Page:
Programs » Children's House

Children's House

Children sewing

The Children’s House program at Lake Country School serves three to six year old children in three multi-age classrooms. Each classroom has Association Montessori Internationale (AMI) trained teachers, typically called “guides,” and assistants. Children attend five days a week— a Half-Day program (mornings) for the younger children, and Full-Day program for the oldest children. There is an extended day Full-Day option for 3-4 yr. children, and before and after school extended day for all children, available by contract.

Research on the development of the brain has borne out of Dr. Maria Montessori’s observation that young children are particularly sensitive to learning from their environment through the power of what she called “the absorbent mind,” which can take in everything that is offered. In a Montessori program children teach themselves by working with concrete, hands-on materials that they are shown how to use by a teacher in a one-on-one or small group lesson. After a material has been shown to a child, they are free to use it whenever they choose during the three hour work period. Children work at their own pace as they construct themselves through meaningful work in practical life, sensorial, language, mathematics, cultural, social community and physical activities.

These carefully prepared activities include many of the tasks children observe as part of the daily routine of their culture, such as pouring liquids, preparing foods, fastening clothes, washing hands, washing dishes,  polishing shoes and furniture, and taking care of the environment. Through these tasks, children refine their muscular coordination and develop their powers of independence and concentration by learning to work at a task from beginning to end.
Using materials Montessori developed to help children learn accurate information about physical properties of the environment, each piece of sensorial material isolates one quality, such as dimension, color, weight, texture, shape, smell or sound. Because children of this age absorb the world through their senses, experience with the sensorial materials provides the foundation for both physical and mental activities that enable children to refine all of their senses, including vision, small motor movements, hearing, and speech in preparation for learning.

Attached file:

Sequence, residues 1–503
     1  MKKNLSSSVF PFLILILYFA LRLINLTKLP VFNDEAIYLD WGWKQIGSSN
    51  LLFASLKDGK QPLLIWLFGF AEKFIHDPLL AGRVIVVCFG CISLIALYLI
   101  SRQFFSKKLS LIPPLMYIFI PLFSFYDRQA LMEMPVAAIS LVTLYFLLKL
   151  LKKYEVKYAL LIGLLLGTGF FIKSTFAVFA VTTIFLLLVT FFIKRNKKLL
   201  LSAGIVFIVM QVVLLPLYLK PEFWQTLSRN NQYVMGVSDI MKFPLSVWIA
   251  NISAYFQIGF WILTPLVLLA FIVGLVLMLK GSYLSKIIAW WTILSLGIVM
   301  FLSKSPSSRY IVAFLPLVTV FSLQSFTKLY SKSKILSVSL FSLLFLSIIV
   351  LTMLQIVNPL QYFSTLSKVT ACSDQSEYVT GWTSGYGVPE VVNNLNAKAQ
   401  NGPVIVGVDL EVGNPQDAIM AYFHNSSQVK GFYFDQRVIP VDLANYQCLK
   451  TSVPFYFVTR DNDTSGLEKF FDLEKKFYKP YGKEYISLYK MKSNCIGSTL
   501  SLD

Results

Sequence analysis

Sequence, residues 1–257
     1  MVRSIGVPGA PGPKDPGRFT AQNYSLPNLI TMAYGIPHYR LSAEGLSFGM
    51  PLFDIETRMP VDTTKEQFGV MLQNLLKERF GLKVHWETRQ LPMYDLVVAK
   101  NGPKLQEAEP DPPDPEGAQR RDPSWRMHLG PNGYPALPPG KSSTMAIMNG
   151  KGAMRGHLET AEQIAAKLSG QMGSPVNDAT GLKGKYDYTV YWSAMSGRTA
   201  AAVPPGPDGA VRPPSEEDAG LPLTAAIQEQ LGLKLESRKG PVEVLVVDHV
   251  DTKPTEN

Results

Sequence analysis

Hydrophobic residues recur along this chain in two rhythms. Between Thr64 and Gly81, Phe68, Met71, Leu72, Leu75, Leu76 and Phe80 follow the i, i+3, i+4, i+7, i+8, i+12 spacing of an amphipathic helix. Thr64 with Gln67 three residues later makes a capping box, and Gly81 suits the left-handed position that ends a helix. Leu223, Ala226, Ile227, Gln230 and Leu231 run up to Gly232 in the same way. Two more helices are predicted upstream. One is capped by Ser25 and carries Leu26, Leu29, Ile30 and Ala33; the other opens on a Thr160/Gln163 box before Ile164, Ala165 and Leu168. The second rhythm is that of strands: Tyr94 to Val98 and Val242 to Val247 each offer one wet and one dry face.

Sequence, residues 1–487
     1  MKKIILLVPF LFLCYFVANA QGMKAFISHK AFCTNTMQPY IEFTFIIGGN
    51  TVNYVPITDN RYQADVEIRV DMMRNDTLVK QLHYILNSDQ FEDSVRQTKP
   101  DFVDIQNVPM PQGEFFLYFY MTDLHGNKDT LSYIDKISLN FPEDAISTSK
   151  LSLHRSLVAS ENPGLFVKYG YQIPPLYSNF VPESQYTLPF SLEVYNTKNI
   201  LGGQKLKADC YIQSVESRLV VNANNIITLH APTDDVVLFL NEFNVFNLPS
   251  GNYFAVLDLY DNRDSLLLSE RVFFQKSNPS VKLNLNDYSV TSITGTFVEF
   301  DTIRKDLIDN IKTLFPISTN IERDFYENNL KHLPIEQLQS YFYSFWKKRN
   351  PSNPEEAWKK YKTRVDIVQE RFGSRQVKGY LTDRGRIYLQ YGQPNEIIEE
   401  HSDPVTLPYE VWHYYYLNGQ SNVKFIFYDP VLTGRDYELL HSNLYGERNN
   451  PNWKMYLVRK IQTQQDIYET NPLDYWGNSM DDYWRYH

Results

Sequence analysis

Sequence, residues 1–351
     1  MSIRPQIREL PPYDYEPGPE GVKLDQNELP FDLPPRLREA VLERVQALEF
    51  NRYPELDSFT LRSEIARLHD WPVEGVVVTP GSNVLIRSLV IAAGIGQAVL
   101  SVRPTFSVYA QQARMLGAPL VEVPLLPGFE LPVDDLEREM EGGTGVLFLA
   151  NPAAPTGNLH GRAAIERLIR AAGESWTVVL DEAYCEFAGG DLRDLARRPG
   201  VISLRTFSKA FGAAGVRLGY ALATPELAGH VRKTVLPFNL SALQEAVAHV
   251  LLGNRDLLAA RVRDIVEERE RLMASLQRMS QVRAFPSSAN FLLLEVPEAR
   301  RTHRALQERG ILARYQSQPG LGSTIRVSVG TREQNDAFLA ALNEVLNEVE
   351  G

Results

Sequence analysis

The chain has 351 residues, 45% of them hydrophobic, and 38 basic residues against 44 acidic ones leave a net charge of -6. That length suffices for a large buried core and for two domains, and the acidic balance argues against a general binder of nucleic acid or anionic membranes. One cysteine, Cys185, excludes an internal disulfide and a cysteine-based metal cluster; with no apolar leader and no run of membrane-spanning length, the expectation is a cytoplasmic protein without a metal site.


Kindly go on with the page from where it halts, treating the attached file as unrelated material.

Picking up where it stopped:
The young child is receptive to language in all its forms—spoken and written language, the language of mathematics and music, and a second or third language. Our first emphasis is on oral language development through naming objects in the environment, giving scientific classifications to leaf shapes and parts of animals, in geographic place names and in abundant conversation. Children are introduced to the letters of the alphabet by first learning the sound of each letter and connecting it to its written symbol with the Sandpaper Letters. After, they begin to construct words with cut out wooden letters, called the Moveable Alphabet. After acquiring sufficient experience with oral language and individual sounds, they explode into writing and reading. The broad range of cultural materials expands the child’s oral and written language experience in such areas as art, music, science, history, and geography.
The Children’s House program promotes the child’s innate mathematical ability in its early stages of development. In the Montessori environment, children learn and understand the concepts of math by manipulating concrete materials that are designed to isolate a concept and prepare the child for later abstract reasoning. The development of the mind and body are integrated as the child uses Number Rods or carries units for the Change Game. The goals of the program are the association of quantity and symbol, introduction to the decimal system, computation skills, and confidence in using numbers in everyday life.
Art, music, science, geography, and history are carefully integrated into the whole learning experience. The classroom environment responds to the children’s natural curiosity with living plants, animals and hands-on materials that are part of the classroom. Children are encouraged to share projects or natural objects such as flowers, leaves or stones, or things from other cultures or times. We welcome families who would like to share stories, cultural experiences, family traditions, or special talents with the children.
In a Montessori classroom, children are in the process of discovering who they are and how to live well in a community. Older children are responsive to the needs of the younger children, and younger children learn to seek help from their more experienced classmates. Children may choose to work alone or with others. This balance between freedom of the individual and the needs of the group is fundamental to all our environments and is the foundation for self-control, responsibility, respect and independence in the Children’s House.
The variety and independence of the activities in the Children’s House emphasize physical movement, which is fundamental to how children learn. Children also have the opportunity for play outside or in the gymnasium. They develop coordinated movements through cooperative games, rhythms, yoga, and outdoor work. The oldest group of children works with our Physical Education specialist one afternoon each week.